Seasons of Motherhood
December 27th, 2015
The best piece of parenting advice I ever received wasn’t really even advice. It was affirmation.
It was the summer of 2012. We had just moved to Kentucky from Pittsburgh and I was hot, pregnant, and miserable. Morning sickness was kicking my butt and most days I couldn’t muster the energy or strength of stomach to cook. We were eating out a lot and I was plagued with mommy guilt over it.
When my first daughter was small, I prided myself on being a “crunchy” mom. I fed her homemade organic baby food, shopping at the farmers market and lovingly steaming and pureeing feasts of sweet potatoes, beets, and fresh baby spinach. Three years later, I was doing good to account for all the food groups in a day.
After back-to-back dinners of chicken nuggets and fries, I called a friend to bemoan my terrible parenting. And heard her reply – “You’re in a different season of motherhood now. And that’s okay.”
That concept – that the experience of motherhood ebbs and flows and changes like the seasons – was a revelation. And a relief. Seasons are temporary. Fall doesn’t last forever and neither does potty-training. The dark winter of biting will, one day, give way to the warm summer of cooperative play.
We change our behavior with the seasons of the year, too. Summer is for long walks, grilled dinners, and evenings lounging on the porch. Winter is for reading and puzzles and going to bed a little early because the flannel sheets are just so welcoming. It’s the same with parenting. During the early seasons of motherhood, most of our parenting energy goes into basic care. Diapers and late-night feedings and rocking a fussy newborn for hours on end. Staying sane is the ultimate goal and if that means ordering a pizza twice a week, so be it.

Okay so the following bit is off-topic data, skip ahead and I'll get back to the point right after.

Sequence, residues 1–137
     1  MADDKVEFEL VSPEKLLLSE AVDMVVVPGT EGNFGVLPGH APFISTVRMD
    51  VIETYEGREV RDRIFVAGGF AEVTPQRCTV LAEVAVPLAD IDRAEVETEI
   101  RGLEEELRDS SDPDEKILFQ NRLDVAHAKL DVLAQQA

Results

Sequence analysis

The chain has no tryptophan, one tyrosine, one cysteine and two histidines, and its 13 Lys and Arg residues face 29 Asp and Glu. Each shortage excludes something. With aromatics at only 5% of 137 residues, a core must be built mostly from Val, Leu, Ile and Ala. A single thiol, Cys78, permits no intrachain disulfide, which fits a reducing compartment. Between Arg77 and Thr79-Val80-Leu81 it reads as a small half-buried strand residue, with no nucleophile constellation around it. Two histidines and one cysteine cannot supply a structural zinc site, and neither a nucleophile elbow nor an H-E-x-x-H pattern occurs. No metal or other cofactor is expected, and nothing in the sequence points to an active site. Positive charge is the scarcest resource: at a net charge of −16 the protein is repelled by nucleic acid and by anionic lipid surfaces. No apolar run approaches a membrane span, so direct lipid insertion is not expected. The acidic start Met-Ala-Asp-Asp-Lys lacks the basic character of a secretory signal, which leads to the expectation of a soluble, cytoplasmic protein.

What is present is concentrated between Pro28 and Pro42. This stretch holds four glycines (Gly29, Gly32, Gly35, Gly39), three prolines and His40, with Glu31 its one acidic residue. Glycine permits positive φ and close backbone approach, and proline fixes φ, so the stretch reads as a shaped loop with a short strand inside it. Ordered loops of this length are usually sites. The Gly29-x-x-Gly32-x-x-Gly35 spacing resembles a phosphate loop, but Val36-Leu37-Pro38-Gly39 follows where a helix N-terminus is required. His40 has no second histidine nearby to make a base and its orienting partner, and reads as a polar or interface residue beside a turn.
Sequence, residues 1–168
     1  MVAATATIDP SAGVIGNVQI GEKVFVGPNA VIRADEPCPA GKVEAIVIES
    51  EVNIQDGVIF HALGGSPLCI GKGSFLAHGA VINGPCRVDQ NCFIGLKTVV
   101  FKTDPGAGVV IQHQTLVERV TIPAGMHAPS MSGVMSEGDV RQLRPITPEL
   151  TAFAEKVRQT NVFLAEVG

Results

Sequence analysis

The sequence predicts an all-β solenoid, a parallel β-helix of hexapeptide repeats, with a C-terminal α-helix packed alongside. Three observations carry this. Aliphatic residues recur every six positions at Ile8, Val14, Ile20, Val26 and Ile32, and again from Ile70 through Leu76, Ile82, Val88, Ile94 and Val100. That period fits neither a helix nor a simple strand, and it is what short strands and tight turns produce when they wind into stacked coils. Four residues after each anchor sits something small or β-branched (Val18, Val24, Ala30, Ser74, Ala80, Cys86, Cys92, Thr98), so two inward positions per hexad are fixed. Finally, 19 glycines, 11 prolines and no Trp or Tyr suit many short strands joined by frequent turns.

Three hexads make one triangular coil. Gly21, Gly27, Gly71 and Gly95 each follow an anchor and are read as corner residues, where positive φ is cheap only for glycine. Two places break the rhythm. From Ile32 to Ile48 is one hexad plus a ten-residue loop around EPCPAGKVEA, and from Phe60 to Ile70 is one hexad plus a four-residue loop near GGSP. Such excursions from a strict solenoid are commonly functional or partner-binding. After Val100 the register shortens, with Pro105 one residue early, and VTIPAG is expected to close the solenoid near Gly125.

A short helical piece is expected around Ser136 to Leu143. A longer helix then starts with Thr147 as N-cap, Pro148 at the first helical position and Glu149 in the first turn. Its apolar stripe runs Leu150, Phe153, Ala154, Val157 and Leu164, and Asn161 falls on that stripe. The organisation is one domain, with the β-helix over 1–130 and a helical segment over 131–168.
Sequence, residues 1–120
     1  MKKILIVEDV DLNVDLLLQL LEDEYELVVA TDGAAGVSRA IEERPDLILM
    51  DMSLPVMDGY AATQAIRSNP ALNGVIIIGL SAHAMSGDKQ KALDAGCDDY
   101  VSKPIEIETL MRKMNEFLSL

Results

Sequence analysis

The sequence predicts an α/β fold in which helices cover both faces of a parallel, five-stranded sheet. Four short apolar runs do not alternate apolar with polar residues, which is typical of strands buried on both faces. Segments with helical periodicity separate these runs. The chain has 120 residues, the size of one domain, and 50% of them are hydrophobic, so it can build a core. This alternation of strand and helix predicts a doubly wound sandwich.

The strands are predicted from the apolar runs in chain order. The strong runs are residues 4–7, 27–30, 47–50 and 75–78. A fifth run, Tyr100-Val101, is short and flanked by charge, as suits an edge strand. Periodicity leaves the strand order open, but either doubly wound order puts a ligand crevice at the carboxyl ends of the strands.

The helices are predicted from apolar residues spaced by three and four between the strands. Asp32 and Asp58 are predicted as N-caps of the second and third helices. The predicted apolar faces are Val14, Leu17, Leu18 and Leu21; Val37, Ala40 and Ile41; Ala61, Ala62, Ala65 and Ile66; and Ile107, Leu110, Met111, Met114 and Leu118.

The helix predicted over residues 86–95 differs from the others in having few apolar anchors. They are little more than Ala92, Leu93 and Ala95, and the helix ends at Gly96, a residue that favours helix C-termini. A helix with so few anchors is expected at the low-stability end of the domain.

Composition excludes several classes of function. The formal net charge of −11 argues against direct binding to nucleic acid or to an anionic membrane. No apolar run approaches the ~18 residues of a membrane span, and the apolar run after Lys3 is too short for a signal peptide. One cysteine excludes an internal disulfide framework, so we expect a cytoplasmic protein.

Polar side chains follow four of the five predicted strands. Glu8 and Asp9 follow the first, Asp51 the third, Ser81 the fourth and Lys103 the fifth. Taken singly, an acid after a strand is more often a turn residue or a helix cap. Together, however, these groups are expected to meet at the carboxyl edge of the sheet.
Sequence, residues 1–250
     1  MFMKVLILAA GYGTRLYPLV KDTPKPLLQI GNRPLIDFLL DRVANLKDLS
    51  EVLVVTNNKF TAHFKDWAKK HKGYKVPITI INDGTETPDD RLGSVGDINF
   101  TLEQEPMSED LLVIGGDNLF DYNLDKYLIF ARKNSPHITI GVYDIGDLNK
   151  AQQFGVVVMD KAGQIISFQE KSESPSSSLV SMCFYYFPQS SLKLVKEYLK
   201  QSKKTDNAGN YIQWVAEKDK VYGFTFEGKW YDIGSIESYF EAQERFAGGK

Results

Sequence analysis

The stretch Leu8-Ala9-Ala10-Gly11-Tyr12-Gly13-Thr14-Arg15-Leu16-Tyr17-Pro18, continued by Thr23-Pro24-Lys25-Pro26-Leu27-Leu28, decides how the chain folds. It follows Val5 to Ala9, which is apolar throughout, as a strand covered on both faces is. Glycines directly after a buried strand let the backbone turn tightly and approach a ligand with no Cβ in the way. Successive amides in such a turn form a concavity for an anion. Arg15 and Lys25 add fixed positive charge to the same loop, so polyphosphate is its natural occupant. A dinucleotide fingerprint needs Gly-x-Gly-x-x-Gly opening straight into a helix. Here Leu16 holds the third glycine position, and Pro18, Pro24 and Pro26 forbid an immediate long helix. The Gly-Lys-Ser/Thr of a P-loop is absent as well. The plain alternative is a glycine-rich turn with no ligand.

But eventually, the season changes.
I can feel one of those seasonal shifts happening in my life right now. For the first time in seven years, I can leave the house without a diaper bag. The baby monitor is on its way out because everyone in my house can get out of their bed all by themselves if they need something in the night.
The baby season is over. The sleepless nights and marathon nursing sessions are behind me. The faint but lingering smell of diapers is slowly leaving the house (hallelujah!). The sippy cups are disappearing from the cabinets and the plastic plates have made way for breakable dishware. We retired the stroller this year and handed down an assortment of baby carriers to cousins and friends.
Changing seasons are always a little bittersweet. As much as I love the snow, it’s sad to see the final leaves drop in the fall. And even when I’m desperately ready for spring, I miss the beauty of frost-covered trees.
So I’m filled with a mixture of relief and wistfulness as I close out the baby years. I’m ready for the next adventure, but on those rare occasions that my youngest still wants to clamber into the rocking chair with me, I’m more than happy to let her.